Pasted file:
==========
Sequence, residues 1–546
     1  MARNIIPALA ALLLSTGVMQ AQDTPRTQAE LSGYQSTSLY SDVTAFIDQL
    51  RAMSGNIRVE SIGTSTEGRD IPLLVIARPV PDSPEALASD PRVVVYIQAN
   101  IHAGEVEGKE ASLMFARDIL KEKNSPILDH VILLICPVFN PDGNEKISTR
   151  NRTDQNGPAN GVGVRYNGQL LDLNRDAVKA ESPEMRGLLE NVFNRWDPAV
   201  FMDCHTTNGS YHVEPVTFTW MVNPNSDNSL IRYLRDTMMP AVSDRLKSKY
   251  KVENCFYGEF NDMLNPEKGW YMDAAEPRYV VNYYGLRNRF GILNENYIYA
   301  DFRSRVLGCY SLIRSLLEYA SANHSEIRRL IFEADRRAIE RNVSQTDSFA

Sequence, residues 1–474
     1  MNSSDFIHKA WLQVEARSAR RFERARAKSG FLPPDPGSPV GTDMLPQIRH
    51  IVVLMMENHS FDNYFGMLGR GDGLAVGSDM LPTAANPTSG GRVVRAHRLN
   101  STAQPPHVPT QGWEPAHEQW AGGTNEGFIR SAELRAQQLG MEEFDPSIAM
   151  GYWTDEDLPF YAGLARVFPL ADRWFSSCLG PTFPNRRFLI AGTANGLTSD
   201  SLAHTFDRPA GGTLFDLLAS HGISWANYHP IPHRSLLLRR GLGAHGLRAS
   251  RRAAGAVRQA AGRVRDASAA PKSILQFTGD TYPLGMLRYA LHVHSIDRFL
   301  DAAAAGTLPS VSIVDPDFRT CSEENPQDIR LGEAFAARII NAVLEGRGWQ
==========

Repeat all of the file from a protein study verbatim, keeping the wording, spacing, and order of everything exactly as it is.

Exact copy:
Sequence, residues 1–546
     1  MARNIIPALA ALLLSTGVMQ AQDTPRTQAE LSGYQSTSLY SDVTAFIDQL
    51  RAMSGNIRVE SIGTSTEGRD IPLLVIARPV PDSPEALASD PRVVVYIQAN
   101  IHAGEVEGKE ASLMFARDIL KEKNSPILDH VILLICPVFN PDGNEKISTR
   151  NRTDQNGPAN GVGVRYNGQL LDLNRDAVKA ESPEMRGLLE NVFNRWDPAV
   201  FMDCHTTNGS YHVEPVTFTW MVNPNSDNSL IRYLRDTMMP AVSDRLKSKY
   251  KVENCFYGEF NDMLNPEKGW YMDAAEPRYV VNYYGLRNRF GILNENYIYA
   301  DFRSRVLGCY SLIRSLLEYA SANHSEIRRL IFEADRRAIE RNVSQTDSFA

Sequence, residues 1–474
     1  MNSSDFIHKA WLQVEARSAR RFERARAKSG FLPPDPGSPV GTDMLPQIRH
    51  IVVLMMENHS FDNYFGMLGR GDGLAVGSDM LPTAANPTSG GRVVRAHRLN
   101  STAQPPHVPT QGWEPAHEQW AGGTNEGFIR SAELRAQQLG MEEFDPSIAM
   151  GYWTDEDLPF YAGLARVFPL ADRWFSSCLG PTFPNRRFLI AGTANGLTSD
   201  SLAHTFDRPA GGTLFDLLAS HGISWANYHP IPHRSLLLRR GLGAHGLRAS
   251  RRAAGAVRQA AGRVRDASAA PKSILQFTGD TYPLGMLRYA LHVHSIDRFL
   301  DAAAAGTLPS VSIVDPDFRT CSEENPQDIR LGEAFAARII NAVLEGRGWQ